I use free tools like Twittercounter to keep an eye out for follower spikes. The free versions give you limited but useful data to get a handle on trends. For example, the screenshot below shows follower growth over one month for Smart Insights, an easy visual way to spot spikes.
If any of the above questions are a ‘Yes’, I’d analyse the data further to find a logical reason and take action if required. For example, if I suddenly gained hundreds of followers but discovered these were fake/low quality profiles, then I’d ignore the spike as it’s a false reading but I might look into things like my hashtag usage to see if a specific hashtag is attracting bot spam.
Weekly KPI report
Typically I’d set this up in a web analytics tool like Google Analytics and create a custom dashboard, though some people prefer to use custom dashboard tools like Dash.this, which offers periodic, rolling and campaign reports.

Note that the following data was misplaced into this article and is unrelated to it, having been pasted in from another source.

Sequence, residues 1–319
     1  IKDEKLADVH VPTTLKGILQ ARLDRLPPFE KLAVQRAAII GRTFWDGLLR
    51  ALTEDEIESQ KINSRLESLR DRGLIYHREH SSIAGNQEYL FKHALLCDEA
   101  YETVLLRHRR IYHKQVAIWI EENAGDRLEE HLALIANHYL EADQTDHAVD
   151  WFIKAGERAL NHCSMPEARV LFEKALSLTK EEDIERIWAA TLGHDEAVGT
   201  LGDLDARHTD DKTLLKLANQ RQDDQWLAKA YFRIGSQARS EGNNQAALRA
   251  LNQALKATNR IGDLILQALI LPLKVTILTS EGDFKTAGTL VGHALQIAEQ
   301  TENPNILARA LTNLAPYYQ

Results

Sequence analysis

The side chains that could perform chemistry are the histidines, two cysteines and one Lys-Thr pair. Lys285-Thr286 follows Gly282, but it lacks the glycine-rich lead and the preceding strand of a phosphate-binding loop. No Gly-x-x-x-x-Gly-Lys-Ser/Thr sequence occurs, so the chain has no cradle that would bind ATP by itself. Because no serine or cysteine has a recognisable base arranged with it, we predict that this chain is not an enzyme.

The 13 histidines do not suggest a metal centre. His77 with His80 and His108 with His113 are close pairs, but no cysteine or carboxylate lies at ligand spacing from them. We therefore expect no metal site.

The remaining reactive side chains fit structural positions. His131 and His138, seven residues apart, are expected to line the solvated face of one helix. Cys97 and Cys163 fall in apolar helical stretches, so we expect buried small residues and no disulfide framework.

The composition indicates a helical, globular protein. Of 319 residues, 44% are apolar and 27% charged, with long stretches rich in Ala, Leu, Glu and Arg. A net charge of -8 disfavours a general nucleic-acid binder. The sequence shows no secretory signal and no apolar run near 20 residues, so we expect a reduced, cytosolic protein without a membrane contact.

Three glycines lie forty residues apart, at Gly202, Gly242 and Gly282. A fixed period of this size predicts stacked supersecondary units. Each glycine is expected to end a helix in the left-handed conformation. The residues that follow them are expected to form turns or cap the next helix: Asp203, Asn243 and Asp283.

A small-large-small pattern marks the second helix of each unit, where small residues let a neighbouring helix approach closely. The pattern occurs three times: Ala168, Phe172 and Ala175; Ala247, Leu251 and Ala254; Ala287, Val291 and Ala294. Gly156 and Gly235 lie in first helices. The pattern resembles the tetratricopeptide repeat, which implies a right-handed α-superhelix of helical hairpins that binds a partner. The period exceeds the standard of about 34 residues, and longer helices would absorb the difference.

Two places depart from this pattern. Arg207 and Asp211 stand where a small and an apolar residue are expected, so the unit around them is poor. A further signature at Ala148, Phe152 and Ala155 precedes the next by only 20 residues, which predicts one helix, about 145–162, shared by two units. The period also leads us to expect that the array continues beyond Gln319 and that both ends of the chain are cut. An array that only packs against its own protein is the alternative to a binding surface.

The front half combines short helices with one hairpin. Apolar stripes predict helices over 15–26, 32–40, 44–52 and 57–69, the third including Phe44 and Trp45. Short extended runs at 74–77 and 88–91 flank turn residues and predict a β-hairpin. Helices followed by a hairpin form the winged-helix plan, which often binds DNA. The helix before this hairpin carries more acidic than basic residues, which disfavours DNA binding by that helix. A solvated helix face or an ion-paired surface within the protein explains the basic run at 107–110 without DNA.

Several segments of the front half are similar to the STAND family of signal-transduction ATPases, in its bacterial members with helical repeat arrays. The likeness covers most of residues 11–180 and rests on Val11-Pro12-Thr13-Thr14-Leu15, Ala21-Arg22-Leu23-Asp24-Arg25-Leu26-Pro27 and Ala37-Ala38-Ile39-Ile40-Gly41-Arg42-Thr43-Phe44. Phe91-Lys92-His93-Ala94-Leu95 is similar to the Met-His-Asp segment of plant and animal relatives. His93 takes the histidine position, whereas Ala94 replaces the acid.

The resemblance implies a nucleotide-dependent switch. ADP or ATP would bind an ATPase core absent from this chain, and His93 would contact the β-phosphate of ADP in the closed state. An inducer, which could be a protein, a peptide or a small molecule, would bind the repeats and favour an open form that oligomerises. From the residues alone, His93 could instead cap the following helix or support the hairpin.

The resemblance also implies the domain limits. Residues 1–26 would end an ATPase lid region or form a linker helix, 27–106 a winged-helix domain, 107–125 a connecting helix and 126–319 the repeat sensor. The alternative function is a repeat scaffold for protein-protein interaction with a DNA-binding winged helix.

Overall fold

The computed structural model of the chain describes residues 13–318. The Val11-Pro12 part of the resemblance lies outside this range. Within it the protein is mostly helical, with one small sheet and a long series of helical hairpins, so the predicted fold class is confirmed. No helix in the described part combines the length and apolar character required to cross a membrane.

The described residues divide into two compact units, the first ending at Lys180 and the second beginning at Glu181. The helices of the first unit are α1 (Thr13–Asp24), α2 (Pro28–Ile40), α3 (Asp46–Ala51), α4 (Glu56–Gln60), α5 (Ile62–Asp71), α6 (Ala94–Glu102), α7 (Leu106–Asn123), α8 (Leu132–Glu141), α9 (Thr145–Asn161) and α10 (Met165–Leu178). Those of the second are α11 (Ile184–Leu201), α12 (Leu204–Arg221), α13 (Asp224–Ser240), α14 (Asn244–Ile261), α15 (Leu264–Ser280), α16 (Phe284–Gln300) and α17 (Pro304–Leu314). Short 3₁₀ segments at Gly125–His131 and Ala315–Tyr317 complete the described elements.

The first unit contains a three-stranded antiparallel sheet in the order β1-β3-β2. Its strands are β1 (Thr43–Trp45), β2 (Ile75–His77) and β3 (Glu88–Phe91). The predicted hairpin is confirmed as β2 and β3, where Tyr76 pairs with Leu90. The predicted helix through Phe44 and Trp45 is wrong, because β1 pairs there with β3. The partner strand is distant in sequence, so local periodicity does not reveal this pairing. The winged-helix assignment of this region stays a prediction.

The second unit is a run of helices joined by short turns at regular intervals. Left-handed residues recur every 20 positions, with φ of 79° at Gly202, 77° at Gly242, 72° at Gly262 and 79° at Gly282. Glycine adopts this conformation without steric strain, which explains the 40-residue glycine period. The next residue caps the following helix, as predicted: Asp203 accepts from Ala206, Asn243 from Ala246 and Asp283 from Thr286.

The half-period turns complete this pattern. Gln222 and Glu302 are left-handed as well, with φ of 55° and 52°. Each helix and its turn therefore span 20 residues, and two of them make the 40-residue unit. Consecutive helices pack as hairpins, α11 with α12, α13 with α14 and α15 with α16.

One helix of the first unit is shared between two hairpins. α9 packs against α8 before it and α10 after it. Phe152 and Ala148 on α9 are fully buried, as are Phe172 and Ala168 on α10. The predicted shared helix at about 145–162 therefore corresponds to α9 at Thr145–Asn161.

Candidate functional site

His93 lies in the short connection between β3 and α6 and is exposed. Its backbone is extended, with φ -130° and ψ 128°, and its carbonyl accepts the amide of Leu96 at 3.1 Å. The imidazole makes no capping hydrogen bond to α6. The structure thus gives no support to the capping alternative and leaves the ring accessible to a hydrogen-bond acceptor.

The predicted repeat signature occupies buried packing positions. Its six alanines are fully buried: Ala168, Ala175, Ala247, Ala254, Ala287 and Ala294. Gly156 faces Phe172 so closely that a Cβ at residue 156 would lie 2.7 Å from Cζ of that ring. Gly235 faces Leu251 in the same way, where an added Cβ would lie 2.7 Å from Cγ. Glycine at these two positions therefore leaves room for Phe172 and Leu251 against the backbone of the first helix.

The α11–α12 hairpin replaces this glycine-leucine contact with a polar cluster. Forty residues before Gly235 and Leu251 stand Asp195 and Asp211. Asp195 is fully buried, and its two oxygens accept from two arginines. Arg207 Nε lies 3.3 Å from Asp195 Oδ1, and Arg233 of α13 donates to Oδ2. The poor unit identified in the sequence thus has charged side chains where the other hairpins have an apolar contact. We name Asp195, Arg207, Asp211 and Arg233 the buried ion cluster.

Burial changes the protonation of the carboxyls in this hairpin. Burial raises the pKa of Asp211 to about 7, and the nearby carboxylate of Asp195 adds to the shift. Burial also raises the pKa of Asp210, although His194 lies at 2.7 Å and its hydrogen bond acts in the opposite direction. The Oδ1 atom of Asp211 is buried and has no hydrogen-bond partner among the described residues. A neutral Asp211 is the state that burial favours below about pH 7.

Below is a simple periodic report from the Dash.this blog showing key metrics for each network and comparison with the previous period:
Another useful report aggregation tool for social media is Klipfolio, which lets you connect all your social channels and then create custom reports and dashboard to give you a customised data view. Below is an example report Klipfolio has created to showcase the flexibility:
Your weekly KPI report should contain data for each KPI that is aligned with your social media goals. It should be distributed to key stakeholders including the senior social media decision maker. It’s useful to align graphs and charts with 4 different dimensions:
- Acquisition e.g. new visitors
- Engagement e.g. time on page / visit depth
- Conversion e.g. goal completion
- Retention e.g. # return customers
You should also include a comparison of key metrics with the prior week and the corresponding week from the previous year.
Anna Lewis has kindly created a shared dashboard link on Dashboard Junkie.
Monthly roll-up report